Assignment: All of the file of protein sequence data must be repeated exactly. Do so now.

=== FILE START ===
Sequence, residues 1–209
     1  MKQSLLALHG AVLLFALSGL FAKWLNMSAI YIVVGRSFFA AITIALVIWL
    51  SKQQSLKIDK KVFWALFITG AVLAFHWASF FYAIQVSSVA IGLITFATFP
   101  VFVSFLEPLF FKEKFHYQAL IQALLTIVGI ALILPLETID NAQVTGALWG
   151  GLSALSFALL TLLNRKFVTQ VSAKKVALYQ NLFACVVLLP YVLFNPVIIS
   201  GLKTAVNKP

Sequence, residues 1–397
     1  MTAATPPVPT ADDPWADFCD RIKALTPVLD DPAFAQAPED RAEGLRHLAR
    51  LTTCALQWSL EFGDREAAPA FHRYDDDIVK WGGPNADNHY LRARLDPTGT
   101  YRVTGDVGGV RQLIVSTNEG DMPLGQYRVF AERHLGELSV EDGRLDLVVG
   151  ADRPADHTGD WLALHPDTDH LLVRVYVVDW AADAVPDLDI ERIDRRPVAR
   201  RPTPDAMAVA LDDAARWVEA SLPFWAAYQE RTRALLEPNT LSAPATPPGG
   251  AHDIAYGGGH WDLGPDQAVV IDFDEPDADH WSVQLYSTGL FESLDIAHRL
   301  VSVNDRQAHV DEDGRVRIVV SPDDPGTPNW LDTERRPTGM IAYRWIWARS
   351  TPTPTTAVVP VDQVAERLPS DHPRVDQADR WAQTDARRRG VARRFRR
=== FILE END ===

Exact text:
Sequence, residues 1–209
     1  MKQSLLALHG AVLLFALSGL FAKWLNMSAI YIVVGRSFFA AITIALVIWL
    51  SKQQSLKIDK KVFWALFITG AVLAFHWASF FYAIQVSSVA IGLITFATFP
   101  VFVSFLEPLF FKEKFHYQAL IQALLTIVGI ALILPLETID NAQVTGALWG
   151  GLSALSFALL TLLNRKFVTQ VSAKKVALYQ NLFACVVLLP YVLFNPVIIS
   201  GLKTAVNKP

Sequence, residues 1–397
     1  MTAATPPVPT ADDPWADFCD RIKALTPVLD DPAFAQAPED RAEGLRHLAR
    51  LTTCALQWSL EFGDREAAPA FHRYDDDIVK WGGPNADNHY LRARLDPTGT
   101  YRVTGDVGGV RQLIVSTNEG DMPLGQYRVF AERHLGELSV EDGRLDLVVG
   151  ADRPADHTGD WLALHPDTDH LLVRVYVVDW AADAVPDLDI ERIDRRPVAR
   201  RPTPDAMAVA LDDAARWVEA SLPFWAAYQE RTRALLEPNT LSAPATPPGG
   251  AHDIAYGGGH WDLGPDQAVV IDFDEPDADH WSVQLYSTGL FESLDIAHRL
   301  VSVNDRQAHV DEDGRVRIVV SPDDPGTPNW LDTERRPTGM IAYRWIWARS
   351  TPTPTTAVVP VDQVAERLPS DHPRVDQADR WAQTDARRRG VARRFRR